Sarah Weinman's post today discusses a somewhat snarky column in The Guardian about Ruth Rendell's novels over the past ten years or so. The critic complains that Rendell's books are now out of touch with the world today. Her books are filled with anachronisms and attitudes of the sixties, seventies and eighties.
I'm always sorry to see someone I admire as much as Rendell get harpooned this way, especially since the steely point of the weapon is aimed directly at age.
But I have to say this is a legitimate discussion. Here's Sarah's take:
"While I think (Imogen Russell) Williams is being a bit nitpicky here, there is a larger concern when authors keep at series for a long time, or deliver a book a year on subjects that they owned in their heyday but have a less firm grasp on as they age. There's a point when many people realize they don't have the time, energy or inclination to keep up, stay modern, or alter their viewpoints with changing times, and frankly, the result of such efforts between pages (or read with e-ink) can be pretty damn embarrassing."
I think most writers try to stay current in the obvious ways. Making sure that they know the differenc e between a cell phone ad Blackberry etc. Shaping their fiction to fit the dominant tropes of the era is another matter. Writers like to laugh (and understandably) at the suggestions of agents who tell them to work in the current popular form. In the Eighties many of us were told to write Mary Higgins Clark novels. Then Robert B. Parker novels. Then Carl Hiaasen novels. And on and on. The problem with these suggestions is that they produce terrible books. When I was editing Mystery Scene I got bombarded with letters and galleys. And I could generally tell in the first few paragraphs of the cover letter what was going on--guy who'd been writing p.i. novels was now doing a Mary Clark or a Stephen King or a Dean Koontz.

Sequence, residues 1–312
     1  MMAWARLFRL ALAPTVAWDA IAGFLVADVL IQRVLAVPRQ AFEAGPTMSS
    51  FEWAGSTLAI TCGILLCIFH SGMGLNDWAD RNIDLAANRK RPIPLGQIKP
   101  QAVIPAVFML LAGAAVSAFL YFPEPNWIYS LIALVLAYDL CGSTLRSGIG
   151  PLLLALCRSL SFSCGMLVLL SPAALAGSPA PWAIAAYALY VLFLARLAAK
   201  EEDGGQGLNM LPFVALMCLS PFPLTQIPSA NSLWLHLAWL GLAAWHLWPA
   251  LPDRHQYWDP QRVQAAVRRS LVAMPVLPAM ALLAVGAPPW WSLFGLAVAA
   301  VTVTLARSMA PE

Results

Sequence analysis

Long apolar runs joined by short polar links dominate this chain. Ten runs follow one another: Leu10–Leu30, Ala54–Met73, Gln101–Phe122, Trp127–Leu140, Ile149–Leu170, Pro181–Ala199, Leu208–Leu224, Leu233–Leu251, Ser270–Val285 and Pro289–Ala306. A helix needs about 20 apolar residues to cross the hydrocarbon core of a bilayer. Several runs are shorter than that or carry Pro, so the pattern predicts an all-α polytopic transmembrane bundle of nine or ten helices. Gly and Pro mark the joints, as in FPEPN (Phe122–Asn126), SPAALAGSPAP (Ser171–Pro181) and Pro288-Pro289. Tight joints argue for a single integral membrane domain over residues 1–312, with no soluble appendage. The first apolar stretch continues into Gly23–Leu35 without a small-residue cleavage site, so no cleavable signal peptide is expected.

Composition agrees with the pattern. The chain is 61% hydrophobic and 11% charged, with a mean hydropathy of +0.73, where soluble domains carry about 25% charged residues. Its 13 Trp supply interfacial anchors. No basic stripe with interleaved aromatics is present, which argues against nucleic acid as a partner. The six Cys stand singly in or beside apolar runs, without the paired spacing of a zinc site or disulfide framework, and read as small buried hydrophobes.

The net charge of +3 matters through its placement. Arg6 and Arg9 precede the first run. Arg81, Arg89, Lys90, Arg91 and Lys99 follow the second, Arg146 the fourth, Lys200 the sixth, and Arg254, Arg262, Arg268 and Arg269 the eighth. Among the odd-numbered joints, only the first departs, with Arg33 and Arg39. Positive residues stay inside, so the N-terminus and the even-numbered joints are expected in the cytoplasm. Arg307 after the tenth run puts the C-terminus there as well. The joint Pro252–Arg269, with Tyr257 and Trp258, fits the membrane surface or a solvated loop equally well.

Clark-King-Koontz--all great writers and for one reason. Because they're writing what they believe in. Their books don't have anything to do with marketing. Their books are expressions of their own hearts and souls.
That's one of the problems older writers have. The other is simply the the relentless march of decades. Just about every ten years or so a new style or new form comes along. Right now neo-noir is the darling of the critics if not large numbers of readers (but it's getting there). And with writers as good as Guthrie, Starr, Bruen, Swierczynski, Piccirilli, Faust and Zeltersman (among many many others) we're seeing an explosion of enormously talented writers striking out on their own and taking noir in new and exciting directions.
Their own directions. Their attitudes shaped by their age, their experience, their beliefs. You can fake it if you want and try and write like them but it'll always be bogus. Because it's theirs not yours.
And there'll always be a new kid in town. Ten, fifteen years from now the wheel will turn once again. Something else will come into fashion.
But faking it is a sorry thing to see. I always think of the poor crooners in the sixties when the Beatles came in. Sinatra, Andy Williams, Perry Como, Johnny Mathis--all covering the Beatles and looking damned silly doing it on the tube. Hell even Tony Bennett was forced by Columbia to do an entire album of Beatles covers. For him that had to be painful. He's a Rodgers and Hart man.
It's a dilemma for every writer because every writer will someday face just what Ruth Rendell is facing now (though I still think she's one of the most brilliant writers alive).